Fargo - The head of North Dakota's emergency management services says the state is prepared to respond to Dakota Access pipeline protesters who may need help during a winter storm or some other crisis.
State Homeland Security Director Greg Wilz said it would be a "huge challenge," especially during a mass evacuation, but his office has winter shelter plans in place and various agencies are ready to respond.
"The bottom line here is, if we are in a situation of life and limb, we are going to be humane in anything and everything we do," Wilz said. "We aren't going to let somebody out there freeze. So if they start evacuating en masse looking for shelter, which I highly suspect will happen, we would take care of that."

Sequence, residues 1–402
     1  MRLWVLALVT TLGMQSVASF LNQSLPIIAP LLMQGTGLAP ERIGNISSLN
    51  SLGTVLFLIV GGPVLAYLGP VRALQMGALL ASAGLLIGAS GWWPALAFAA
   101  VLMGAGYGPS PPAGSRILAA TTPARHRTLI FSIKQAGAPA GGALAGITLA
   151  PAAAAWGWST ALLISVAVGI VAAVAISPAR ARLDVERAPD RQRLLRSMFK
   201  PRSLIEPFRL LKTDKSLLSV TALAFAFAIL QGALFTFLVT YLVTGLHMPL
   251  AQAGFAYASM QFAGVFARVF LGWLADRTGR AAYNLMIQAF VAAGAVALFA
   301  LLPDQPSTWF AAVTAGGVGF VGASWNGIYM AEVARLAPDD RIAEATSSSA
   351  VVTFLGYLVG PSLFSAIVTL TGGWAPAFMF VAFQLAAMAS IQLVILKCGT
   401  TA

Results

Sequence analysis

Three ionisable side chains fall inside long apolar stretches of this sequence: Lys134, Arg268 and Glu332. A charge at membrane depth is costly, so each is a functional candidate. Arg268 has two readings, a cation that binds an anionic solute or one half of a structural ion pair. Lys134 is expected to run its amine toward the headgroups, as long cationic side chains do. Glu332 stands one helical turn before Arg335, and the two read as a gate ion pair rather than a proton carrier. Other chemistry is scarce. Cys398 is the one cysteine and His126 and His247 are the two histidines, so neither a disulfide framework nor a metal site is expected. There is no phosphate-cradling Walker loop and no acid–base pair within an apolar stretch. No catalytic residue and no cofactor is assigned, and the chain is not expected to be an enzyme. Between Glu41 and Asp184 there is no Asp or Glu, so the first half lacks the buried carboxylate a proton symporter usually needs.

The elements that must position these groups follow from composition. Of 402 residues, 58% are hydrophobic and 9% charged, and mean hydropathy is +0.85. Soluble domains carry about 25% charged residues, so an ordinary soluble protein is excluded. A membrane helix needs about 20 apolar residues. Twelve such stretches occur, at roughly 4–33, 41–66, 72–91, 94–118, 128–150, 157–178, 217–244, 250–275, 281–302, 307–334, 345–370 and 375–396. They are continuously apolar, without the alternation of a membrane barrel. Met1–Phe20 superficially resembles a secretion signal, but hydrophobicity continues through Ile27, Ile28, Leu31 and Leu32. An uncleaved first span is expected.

The government has ordered hundreds of protesters to leave the Oceti Sakowin, or Seven Council Fires camp, on federal land in southern North Dakota by Monday, although demonstrators say they're prepared to stay until changes are made to the route of the four-state, $3.8bn pipeline.
The Standing Rock Sioux tribe and others say the pipeline north of the reservation could pollute drinking water and threatens sacred sites.
The North Dakota Department of Transportation and Morton County Highway Department will be key players in any evacuation plans, Wilz said, noting that those agencies worked to keep roads clear around the protest site during a recent storm that dumped more than a metre of snow.